Gregory S. DuPont
A Rebel Without A Will
James Dean was only 24 years old when died in a fatal car crash in 1955. The talented actor had already conquered Hollywood by that age, and after just three movies, was already considered a superstar.
No Hollywood legend has lasted so long and left such an impact. Dean continues to appear among the top of highest-earning deceased celebrities year after year.
There is no doubt that writing a last will and testament was probably one of the last things that would have occurred to Dean, a young man, living his life to the full. After his mother’s death, when he was just nine years old, Dean had been raised by his Aunt and Uncle. However, without the existence of a will, his estate was passed to his Father using intestate law — not to mention about $100,000 in assets, which was all that Dean owned at the time (after paying taxes).
His estate set up the James Dean Foundation Trust. This was established to maximize the commercial value of his name, likeliness, and image, for any heirs that would follow. There is no doubt that those in charge of the foundation have managed it successfully. James Dean's estate still earns about $5,000,000 per year, according to Forbes magazine, but it hasn’t been an easy road.
In 1991, Warner Brothers sued the James Dean Foundation Trust and others who helped market his image under the “right of publicity”. The studio claimed that because of the language used in movie actor contracts during the 1940s and ’50s, that it owned exclusive rights to market Dean’s name, image, and likeness.
Eventually, a Federal Court in California ruled in favor of James Dean’s estate, determining that the old contracts only gave the studio the right to market motion pictures using James Dean’s name and likeness. This meant his heirs kept the sole right to sell merchandise and otherwise profit from his legacy.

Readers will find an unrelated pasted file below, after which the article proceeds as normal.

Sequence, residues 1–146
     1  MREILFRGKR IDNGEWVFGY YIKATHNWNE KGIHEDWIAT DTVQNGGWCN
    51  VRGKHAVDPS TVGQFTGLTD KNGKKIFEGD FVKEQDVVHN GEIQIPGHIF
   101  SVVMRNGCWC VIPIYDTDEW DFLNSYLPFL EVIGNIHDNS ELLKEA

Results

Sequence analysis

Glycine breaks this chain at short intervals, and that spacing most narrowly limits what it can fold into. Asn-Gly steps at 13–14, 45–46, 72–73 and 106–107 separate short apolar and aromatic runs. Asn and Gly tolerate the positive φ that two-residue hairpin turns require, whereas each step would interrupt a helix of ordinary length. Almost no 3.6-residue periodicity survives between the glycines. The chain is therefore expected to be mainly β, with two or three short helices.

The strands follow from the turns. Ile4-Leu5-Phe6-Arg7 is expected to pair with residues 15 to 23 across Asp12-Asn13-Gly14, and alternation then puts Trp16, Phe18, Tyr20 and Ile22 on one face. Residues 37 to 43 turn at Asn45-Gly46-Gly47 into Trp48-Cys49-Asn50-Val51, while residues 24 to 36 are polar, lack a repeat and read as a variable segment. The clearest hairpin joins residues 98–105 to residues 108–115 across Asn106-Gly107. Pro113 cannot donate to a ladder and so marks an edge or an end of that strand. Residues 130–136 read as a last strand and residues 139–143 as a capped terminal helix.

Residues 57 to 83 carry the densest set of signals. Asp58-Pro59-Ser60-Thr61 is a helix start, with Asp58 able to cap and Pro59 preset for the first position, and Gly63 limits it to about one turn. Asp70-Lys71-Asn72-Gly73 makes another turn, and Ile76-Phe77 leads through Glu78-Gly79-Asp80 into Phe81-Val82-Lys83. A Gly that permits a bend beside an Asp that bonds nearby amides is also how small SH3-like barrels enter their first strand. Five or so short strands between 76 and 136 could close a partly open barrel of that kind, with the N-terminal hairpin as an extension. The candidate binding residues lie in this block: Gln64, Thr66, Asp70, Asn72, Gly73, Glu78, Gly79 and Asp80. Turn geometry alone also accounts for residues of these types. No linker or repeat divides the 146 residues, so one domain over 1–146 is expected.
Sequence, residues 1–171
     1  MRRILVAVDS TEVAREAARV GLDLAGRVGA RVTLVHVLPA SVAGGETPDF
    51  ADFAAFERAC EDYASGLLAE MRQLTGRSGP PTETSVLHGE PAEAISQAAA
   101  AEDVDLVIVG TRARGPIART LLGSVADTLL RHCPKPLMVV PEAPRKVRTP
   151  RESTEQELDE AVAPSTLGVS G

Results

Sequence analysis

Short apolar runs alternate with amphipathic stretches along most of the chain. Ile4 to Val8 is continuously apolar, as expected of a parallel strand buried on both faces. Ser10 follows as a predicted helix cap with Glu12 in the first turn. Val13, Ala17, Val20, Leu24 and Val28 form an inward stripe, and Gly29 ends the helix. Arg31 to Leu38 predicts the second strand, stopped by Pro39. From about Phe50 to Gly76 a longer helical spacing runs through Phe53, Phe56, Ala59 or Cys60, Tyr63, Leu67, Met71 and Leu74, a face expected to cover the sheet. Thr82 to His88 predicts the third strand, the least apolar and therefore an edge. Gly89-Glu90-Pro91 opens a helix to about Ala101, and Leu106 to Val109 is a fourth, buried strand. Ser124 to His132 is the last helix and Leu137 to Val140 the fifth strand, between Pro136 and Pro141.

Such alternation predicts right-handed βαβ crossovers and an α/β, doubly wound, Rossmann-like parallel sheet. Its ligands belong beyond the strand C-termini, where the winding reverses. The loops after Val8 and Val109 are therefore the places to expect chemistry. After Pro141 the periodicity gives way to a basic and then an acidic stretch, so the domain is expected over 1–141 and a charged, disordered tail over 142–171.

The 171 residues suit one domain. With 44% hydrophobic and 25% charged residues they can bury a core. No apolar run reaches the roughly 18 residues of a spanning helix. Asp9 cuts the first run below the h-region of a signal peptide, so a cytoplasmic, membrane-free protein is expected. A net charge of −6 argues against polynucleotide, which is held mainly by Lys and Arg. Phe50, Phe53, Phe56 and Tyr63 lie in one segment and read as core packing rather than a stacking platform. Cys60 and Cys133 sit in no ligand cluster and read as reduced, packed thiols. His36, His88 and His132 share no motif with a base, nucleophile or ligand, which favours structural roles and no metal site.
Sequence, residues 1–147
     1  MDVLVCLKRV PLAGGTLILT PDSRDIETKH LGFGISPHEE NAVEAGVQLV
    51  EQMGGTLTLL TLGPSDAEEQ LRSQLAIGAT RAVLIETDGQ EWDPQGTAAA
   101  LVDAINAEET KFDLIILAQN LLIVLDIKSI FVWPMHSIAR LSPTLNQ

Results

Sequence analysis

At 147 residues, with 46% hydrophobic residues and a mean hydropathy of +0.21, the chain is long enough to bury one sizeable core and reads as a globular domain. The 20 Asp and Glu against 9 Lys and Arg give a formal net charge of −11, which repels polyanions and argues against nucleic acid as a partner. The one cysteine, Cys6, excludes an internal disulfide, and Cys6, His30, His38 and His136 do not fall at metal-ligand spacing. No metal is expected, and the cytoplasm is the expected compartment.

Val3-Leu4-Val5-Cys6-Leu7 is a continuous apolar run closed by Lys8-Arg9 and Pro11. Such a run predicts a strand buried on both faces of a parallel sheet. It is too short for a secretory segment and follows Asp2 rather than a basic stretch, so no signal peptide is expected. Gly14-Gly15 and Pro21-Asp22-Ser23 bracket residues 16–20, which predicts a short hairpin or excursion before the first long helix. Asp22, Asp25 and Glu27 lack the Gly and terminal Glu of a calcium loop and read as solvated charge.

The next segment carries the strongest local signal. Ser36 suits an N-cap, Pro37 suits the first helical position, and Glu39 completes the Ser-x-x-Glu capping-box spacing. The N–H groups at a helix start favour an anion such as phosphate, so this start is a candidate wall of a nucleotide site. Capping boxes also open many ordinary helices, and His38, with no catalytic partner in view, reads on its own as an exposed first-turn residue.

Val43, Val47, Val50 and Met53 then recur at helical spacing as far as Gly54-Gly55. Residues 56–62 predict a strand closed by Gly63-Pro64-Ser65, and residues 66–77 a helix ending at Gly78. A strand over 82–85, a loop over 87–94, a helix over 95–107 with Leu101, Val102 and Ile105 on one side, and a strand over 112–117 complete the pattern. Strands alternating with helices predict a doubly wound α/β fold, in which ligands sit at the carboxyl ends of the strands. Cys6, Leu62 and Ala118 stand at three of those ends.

Deans heirs’ next legal dispute was with Twitter and various users whose accounts were affiliated with James Dean, including the main account — @JamesDean. The lawsuit alleged that the name and Dean’s image couldn’t be used on Twitter without the heirs’ permission. Unfortunately, as they were unable to identify the users of these accounts the case was dropped before it could be resolved in court. But the estate kept the right to refile the lawsuit and try again if they ever could discover who set up the accounts. In the meantime, the @JamesDean account was suspended by Twitter.
Does everyone need a will?
No matter how old you are, or much wealth you have, no one with assets of any amount should procrastinate about doing their estate planning, starting with at least a basic will.
Contact The Law Offices of DuPont and Blumenstiel, Estate Attorneys, Columbus Ohio to find out more about your estate planning options. Whether you are just getting started, or it’s time for an update, we can guide you through the process. Call us at (614) 389-9711 or via our website.